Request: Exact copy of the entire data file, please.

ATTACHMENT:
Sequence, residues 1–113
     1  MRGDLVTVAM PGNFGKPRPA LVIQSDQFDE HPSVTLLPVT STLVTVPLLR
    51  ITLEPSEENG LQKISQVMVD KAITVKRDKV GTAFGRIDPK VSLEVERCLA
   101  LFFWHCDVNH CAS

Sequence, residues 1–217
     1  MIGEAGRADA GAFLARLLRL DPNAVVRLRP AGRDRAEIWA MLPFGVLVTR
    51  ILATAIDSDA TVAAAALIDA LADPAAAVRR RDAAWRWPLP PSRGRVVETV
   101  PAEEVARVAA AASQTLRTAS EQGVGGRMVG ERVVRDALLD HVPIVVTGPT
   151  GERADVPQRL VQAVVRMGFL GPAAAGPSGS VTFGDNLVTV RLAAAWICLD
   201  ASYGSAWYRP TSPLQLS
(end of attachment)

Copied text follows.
Sequence, residues 1–113
     1  MRGDLVTVAM PGNFGKPRPA LVIQSDQFDE HPSVTLLPVT STLVTVPLLR
    51  ITLEPSEENG LQKISQVMVD KAITVKRDKV GTAFGRIDPK VSLEVERCLA
   101  LFFWHCDVNH CAS

Sequence, residues 1–217
     1  MIGEAGRADA GAFLARLLRL DPNAVVRLRP AGRDRAEIWA MLPFGVLVTR
    51  ILATAIDSDA TVAAAALIDA LADPAAAVRR RDAAWRWPLP PSRGRVVETV
   101  PAEEVARVAA AASQTLRTAS EQGVGGRMVG ERVVRDALLD HVPIVVTGPT
   151  GERADVPQRL VQAVVRMGFL GPAAAGPSGS VTFGDNLVTV RLAAAWICLD
   201  ASYGSAWYRP TSPLQLS